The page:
Every cloud has a silver outline

I’ve made a number of attempts at writing a novel over the years. While I’ve succeeded at writing and producing plays and screenplays, a finished novel has eluded me. There’s one series in particular that I’ve been working on in one form or another for about five years now. On the first draft I got seven chapters in before restarting, writing another seven chapters, restarting again, writing another two chapters, and then starting over again.

The fourth draft has been more successful. I had a few of the main plot points figured out, but I was still flying by the seat of my pants for the most part. This time around, I got twenty five chapters in and just… hit a wall. It’s not that what I had was bad. I actually like most of it. But I felt like the last few chapters had the characters spinning their wheels, venturing off on this mission, and then that one. Something was missing, and I just couldn’t put my finger on what it was.

It was around that time that I had to focus on finishing post-production for Uncommon Law, so I set the book aside for a while as I completed the movie. When I was finished with that and went back to the book, I realized I still didn’t know where I was going with it.

And that’s when I knew I had a fundamental flaw in my writing process.

Whenever I’ve written a play or a screenplay (you know, those things I’ve actually completed and put out in the world,) I’ve had an outline that I worked from. However, anytime I’ve written fiction, I’ve been a pantser, someone who just writes as it comes, without any outlining or significant planning. Which, I realized, may be why I’ve never actually finished a book. Some of this probably goes back to the times I’ve participated in NaNoWriMo, which has traditionally been the domain of pantsers. Now, don’t get me wrong: There’s nothing wrong with pantsing (unless you’re in public, in which case nobody wants to see that.) It’s great for some people, but it just wasn’t working for me. I had to try something else.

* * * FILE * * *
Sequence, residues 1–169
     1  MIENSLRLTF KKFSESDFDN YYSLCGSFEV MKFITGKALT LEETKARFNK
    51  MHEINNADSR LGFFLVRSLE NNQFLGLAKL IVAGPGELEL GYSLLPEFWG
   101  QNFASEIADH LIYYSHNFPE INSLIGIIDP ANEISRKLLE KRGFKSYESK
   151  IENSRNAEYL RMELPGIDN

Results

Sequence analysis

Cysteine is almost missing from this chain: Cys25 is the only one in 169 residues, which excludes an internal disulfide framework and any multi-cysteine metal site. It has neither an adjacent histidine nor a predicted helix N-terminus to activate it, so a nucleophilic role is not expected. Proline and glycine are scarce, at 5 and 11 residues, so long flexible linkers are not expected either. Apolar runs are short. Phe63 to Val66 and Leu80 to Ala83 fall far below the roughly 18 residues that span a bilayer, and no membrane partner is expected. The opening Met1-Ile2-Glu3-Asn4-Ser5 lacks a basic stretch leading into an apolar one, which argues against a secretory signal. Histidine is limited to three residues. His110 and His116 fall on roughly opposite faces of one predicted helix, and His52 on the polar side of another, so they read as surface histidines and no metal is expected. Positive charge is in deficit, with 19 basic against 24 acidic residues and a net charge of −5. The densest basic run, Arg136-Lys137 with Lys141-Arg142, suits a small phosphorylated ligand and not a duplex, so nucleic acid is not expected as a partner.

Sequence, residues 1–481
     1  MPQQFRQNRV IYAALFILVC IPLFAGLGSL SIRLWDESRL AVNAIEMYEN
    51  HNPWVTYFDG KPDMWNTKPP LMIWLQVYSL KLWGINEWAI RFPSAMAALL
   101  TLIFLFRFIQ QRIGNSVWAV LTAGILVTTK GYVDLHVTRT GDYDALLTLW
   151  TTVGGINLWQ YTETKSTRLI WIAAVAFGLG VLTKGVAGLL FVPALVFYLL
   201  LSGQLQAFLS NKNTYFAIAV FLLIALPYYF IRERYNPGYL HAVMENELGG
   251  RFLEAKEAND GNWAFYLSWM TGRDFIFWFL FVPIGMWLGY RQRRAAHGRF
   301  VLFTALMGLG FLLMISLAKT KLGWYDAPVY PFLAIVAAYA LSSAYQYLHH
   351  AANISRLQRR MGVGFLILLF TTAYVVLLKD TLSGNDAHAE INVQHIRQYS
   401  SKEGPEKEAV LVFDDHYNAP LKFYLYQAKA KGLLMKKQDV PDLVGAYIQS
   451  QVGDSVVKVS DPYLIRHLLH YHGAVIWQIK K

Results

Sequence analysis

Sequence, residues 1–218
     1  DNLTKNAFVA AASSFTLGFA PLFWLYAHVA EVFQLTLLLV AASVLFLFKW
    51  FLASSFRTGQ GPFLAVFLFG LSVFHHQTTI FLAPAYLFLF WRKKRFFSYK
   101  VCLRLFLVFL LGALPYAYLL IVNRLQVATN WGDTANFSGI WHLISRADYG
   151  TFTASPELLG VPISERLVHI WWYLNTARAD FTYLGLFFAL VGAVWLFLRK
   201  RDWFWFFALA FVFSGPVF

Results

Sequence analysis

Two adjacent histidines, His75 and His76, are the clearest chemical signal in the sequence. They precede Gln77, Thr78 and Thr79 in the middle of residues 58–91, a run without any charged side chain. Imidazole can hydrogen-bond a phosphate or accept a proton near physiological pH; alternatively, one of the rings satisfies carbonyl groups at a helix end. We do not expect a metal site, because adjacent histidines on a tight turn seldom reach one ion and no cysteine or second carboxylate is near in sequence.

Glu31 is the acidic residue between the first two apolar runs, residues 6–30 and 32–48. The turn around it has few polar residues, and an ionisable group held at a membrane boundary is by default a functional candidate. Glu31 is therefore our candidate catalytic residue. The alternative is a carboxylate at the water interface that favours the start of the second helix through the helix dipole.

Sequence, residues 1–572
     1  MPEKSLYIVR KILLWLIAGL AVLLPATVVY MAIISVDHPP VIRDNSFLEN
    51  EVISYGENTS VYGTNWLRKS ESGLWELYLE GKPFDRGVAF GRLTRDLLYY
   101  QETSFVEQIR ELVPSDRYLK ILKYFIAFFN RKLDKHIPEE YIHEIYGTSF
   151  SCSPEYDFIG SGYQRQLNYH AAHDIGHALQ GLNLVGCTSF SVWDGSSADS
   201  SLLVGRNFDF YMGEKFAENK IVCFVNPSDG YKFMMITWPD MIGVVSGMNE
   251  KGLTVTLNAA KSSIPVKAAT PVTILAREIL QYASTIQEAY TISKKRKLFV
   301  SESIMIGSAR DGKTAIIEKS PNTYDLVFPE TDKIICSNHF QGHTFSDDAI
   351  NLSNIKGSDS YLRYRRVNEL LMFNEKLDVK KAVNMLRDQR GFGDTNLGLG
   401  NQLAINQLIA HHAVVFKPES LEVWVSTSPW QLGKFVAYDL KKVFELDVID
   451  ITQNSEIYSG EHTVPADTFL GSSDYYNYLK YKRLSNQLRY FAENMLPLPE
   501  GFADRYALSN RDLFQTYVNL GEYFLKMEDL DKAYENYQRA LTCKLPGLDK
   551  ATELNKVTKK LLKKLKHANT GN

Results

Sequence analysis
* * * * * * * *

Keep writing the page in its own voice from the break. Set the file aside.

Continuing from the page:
Outlining Your NovelI searched online for different outlining methods, but none really struck my fancy. In my search, though, I saw a number of people on Writer Unboxed and the NaNoWriMo forums recommend K.M. Weiland‘s Outlining Your Novel: Map Your Way to Success. Enough people seemed to swear by it that I decided to give it a look. Reading through it, I felt like it had some good info in it, but I wasn’t certain how much of it would really be helpful. But hey, the old method wasn’t working, so I figured it wouldn’t hurt to take a shot at putting Weiland’s lessons into practice.

I set aside my in-progress novel and pulled out an old idea from over a decade ago (that longtime readers may remember as my short-lived fantasy web comic “Into The Black.”) I had jotted down various ideas or thoughts that had came to mind over the years, but I’d never actually written it. I believed it had a lot of potential, though, so I knew it would be a good candidate to try out the lessons from Outlining Your Novel.

I’m not even a third of the way into the steps listed in the book, and I’m already a believer. Not just in a “hey, this kinda works” way, but in an “I’ve got to obnoxiously tell all my writer friends about this book” sorta way.